Here’s something I wrote for my personal blog about the French Symbolist poet Baudelaire and his relationship to the supernatural. I thought its references to fairies, to the Breton goblins called lutins and to nymphs might be of interest to the readers of ‘British Fairies.’ Baudelaire explores many of the themes we have touched upon, the ill-defined relationship of Faery to the land of the dead, or the abduction and subjection of humans as slaves; all in his inimitable style.
Baudelaire in 1844 by Emile Delroy
Charles-Pierre Baudelaire was born in Paris in 1821. He came to be one of the leading Symbolist or decadent poets of the period. He is known for exotic, gothic verse that is obsessed with boredom, sin, submission, death, sex and femmes fatales. His themes sound like the classic teenaged/ emo preoccupations, familiar to us now, but in the mid-nineteenth century the poet’s references to Satanism and pagan orgies were shocking, rather than the mere conventions of death-metal. There was also a notable supernatural element to Baudelaire’s poetry, which is what I wish specially to explore here.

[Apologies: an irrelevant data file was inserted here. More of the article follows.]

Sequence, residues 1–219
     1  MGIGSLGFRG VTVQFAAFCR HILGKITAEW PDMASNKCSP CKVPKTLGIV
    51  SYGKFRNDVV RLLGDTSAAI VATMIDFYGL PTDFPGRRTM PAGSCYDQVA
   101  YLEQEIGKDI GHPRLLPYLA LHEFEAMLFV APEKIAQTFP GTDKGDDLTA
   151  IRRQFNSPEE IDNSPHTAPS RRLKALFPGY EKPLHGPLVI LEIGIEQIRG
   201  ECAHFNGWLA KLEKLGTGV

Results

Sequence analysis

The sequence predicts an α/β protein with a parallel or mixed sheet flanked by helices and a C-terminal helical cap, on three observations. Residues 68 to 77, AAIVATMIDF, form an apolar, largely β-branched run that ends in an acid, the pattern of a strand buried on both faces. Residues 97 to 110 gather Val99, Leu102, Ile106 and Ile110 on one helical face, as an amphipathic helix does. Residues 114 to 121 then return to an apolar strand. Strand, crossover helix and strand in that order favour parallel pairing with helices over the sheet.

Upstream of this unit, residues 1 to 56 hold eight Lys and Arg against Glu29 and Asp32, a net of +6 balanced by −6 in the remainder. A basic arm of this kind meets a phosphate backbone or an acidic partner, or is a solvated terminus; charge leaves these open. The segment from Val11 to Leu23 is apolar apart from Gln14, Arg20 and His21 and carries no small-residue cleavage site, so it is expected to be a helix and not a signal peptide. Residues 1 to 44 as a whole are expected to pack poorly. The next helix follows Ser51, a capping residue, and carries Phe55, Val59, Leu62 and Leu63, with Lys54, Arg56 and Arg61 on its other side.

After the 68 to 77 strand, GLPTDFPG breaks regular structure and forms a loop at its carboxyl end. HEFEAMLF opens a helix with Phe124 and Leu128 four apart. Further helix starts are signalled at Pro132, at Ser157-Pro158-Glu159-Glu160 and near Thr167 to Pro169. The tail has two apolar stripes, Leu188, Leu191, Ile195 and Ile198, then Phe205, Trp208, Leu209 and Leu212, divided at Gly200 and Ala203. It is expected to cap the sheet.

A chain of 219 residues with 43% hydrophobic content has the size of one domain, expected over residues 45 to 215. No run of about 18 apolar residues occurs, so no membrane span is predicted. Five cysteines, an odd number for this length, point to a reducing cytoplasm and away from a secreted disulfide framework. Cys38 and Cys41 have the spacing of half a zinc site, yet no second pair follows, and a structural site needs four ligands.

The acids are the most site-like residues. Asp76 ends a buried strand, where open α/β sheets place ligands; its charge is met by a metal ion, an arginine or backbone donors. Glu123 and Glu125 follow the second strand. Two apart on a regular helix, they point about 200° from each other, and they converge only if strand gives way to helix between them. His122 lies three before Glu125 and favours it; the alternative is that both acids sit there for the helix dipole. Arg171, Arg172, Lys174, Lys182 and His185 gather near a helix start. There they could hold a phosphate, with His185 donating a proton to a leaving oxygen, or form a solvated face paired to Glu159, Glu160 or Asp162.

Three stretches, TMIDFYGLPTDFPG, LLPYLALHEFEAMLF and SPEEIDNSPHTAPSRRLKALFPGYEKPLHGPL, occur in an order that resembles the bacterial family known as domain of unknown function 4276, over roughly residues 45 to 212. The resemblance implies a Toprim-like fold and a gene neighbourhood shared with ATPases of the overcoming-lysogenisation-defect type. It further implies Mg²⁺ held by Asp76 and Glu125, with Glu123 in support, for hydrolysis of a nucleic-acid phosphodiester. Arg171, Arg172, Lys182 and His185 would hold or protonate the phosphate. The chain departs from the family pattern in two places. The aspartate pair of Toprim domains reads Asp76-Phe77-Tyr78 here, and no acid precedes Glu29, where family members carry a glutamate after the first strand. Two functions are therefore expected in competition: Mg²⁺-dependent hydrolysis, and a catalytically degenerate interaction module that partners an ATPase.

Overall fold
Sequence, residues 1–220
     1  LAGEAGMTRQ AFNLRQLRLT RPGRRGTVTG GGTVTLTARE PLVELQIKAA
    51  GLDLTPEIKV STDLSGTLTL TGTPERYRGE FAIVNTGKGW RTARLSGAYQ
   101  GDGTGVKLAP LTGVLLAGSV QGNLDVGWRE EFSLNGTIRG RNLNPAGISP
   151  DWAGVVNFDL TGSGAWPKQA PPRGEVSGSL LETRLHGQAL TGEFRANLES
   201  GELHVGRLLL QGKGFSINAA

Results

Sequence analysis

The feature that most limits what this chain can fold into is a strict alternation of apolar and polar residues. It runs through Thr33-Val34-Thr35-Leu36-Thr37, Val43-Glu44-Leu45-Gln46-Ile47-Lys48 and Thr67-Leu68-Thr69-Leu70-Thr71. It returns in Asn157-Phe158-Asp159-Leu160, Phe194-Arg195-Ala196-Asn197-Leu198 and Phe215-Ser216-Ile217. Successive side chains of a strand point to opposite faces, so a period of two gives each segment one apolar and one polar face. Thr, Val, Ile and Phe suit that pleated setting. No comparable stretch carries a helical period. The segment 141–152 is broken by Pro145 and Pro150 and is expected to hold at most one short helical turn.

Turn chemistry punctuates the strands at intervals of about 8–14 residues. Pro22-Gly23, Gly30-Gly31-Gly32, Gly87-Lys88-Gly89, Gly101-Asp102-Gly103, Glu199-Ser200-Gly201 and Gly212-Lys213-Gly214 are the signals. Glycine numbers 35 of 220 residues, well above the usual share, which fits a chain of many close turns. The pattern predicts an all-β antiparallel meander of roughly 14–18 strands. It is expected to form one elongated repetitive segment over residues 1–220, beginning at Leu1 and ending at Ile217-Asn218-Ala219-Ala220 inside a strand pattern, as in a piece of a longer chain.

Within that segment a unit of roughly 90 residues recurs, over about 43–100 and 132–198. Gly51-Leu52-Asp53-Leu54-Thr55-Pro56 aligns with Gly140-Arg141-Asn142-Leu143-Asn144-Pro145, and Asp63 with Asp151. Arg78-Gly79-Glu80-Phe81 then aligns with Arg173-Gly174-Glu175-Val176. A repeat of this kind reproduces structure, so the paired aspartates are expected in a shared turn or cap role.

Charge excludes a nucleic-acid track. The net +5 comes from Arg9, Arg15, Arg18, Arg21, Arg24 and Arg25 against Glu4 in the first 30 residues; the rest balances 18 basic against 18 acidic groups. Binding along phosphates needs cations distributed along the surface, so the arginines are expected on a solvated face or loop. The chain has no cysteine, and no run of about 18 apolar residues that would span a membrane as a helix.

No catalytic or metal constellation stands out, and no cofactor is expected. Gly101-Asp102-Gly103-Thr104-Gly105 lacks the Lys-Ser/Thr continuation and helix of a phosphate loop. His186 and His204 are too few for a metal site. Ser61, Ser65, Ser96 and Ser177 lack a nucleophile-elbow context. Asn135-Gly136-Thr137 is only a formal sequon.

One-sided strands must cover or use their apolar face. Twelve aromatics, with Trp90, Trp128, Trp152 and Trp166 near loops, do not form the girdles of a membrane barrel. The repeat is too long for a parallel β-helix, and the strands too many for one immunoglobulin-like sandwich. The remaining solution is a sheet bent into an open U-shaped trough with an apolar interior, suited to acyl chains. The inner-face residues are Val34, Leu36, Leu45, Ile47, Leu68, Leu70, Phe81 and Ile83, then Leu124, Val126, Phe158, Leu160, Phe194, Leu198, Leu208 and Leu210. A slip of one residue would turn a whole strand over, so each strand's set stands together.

Let’s deal with the black magick side of his work first. In his ‘Preface’ to Les Fleurs du Mal, Baudelaire declared “On evil’s pillow Satan Trismegist/ Our ravished senses at his leisure lulls… The Devil holds our strings in puppetry!” At the conclusion of Possessed, he cries…
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